I often wonder what I will see when I look back at the end of this year. I know God will be faithful and open doors for me, but right now, everything seems a little empty. Surprisingly, I am not depressed by this level of uncertainty. Yes, my days are quiet, but I have enough to do in my worship leading that I have purpose and direction for this season. But I want more. I want to be used for His Kingdom, and I feel I am ready. But maybe God is using this time to shape and mold me for something bigger on the horizon. If I simply rushed ahead, I might not have this opportunity to be molded through His Master Plan. I need to be patient for the answers to come. Until then, I am sitting in my quiet house… coloring. The doors are wide open and my heart is eager.

Our Valentine's coloring party in progress!
Our Valentine’s coloring party in progress!

Taking my Heart Back

I can remember it so clearly. It was Valentine’s Day, 2015, and little did I know, this would be the beginning of about a two-week period when my world dramatically shifted. I learned so much in those last two weeks of February, it was as if a high-magnitude earthquake had struck Wisconsin. Even to this day, I am not the same girl I was on February 13, 2015.
No, this single girl did not find love on Valentine’s Day, but I did find the opportunity to redirect my steps in order that I might find greater trust in my Creator. And it all started with a heart-shaped piece of paper. I had been reluctant to go to a ladies’ tea on that Valentine’s morning, but I attended anyway. I know now that God was leading me into new territory so that my heart would have a chance to heal in order that I might stop fighting.
What was I fighting against? Well, it seemed like it was a never-ending struggle. I thought that since I had been born with my disability, I would have ample time to come to a means of acceptance. Obviously, there was nothing I could do to change my reality; I was visually impaired and no medical procedure could remedy that reality. It wasn’t like I woke up each morning with a dreaded realization: “Oh, no; please, not another day of blindness! I don’t want to do this anymore.” No, I am fully aware of my long-term situation and I have accepted it. What choice do I have?
As I posted on my blog mere days after my startling Valentine’s epiphany: “For years, I have confidently expressed that I am okay with the fact that I have a disability, but I have never been able to set aside the fact that I am needy out of necessity. There are certain things I cannot do, and that means I have to ask for help. But I hate bothering people and asking for favors, and I always wonder whether the response from my friends and family is genuine. Are these dear people simply helping me because they feel obligated, or do they help because they truly don’t mind?”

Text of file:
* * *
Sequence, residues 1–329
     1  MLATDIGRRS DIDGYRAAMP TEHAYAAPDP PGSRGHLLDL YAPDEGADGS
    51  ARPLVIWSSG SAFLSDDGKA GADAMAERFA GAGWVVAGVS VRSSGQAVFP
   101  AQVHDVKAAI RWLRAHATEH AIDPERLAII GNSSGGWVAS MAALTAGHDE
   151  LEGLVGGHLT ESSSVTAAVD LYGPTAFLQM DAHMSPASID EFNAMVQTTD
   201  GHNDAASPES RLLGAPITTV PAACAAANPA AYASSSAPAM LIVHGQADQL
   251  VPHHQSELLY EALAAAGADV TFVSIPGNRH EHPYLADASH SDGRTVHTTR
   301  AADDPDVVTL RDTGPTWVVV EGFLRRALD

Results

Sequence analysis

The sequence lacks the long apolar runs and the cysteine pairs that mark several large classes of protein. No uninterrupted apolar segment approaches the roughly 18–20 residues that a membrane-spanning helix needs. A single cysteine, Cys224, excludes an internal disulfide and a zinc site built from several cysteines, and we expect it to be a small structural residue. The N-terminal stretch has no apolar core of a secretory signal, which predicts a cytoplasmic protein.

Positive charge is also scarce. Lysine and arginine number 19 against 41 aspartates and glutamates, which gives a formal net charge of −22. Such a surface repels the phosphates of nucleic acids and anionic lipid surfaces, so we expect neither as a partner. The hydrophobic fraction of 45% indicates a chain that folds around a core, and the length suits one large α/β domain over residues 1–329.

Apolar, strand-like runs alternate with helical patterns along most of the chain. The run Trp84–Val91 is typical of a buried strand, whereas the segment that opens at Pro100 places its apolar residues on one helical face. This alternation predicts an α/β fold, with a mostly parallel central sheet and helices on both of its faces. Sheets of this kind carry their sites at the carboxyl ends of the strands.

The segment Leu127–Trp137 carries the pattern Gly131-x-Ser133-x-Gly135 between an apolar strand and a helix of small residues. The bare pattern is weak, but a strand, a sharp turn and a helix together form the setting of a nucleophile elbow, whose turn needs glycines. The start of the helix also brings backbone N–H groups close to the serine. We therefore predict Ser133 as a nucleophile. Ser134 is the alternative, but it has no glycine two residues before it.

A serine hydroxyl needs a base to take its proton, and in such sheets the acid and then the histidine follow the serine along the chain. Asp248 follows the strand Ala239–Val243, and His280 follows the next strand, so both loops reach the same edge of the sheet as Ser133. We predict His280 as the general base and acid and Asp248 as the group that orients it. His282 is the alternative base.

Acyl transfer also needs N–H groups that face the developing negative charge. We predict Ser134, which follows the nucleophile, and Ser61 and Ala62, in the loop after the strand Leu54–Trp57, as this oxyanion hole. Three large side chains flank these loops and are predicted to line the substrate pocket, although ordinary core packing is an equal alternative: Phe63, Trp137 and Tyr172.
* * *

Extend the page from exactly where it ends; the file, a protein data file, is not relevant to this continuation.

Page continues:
The above statements were some of the core reasons why I didn’t want to go to the women’s tea initially. In order to attend I would have to ask for a ride, and I didn’t want to bother anyone. I figured it would be easier to remain at home and prepare for a girls’ night I would be hosting at my house that evening. I was liberated at the thought of my friends being willing to come to me later that day instead of me needing to find a way to get to them.
If you want to read more of my experiences that weekend, feel free to read my post: “Let it Go.” But to make a long story shorter, I went to that women’s tea and heard from a speaker who altered my perspective on letting go of difficult situations and defining realities. After her message, the speaker passed out paper hearts and instructed us to write down the one issue that was causing the greatest discontent in our lives. I had no trouble filling that piece of paper with my insecurities relating to needing people. It was in sending that paper away in the mail in a pre-addressed envelope, knowing that the one who received it would pray over it and shred it, that I began to form a new level of acceptance.
Remember how I said that I have had no problem accepting my disability? Well, apparently I still had some learning and growing to do. For just months after sending that heart-shaped paper away, I received a crushing review. It’s so easy to gloss over the really good comments on evaluations and become completely consumed with the one negative remark. And that’s exactly what happened to me that day. I read something that tore into my heart so completely that I felt the pain within. It came from a community member that I thought truly supported me; an individual in the disability community who should have understood me basically said that I wasn’t a solid role-model to people with disabilities because I hadn’t fully accepted my disability. I was crushed.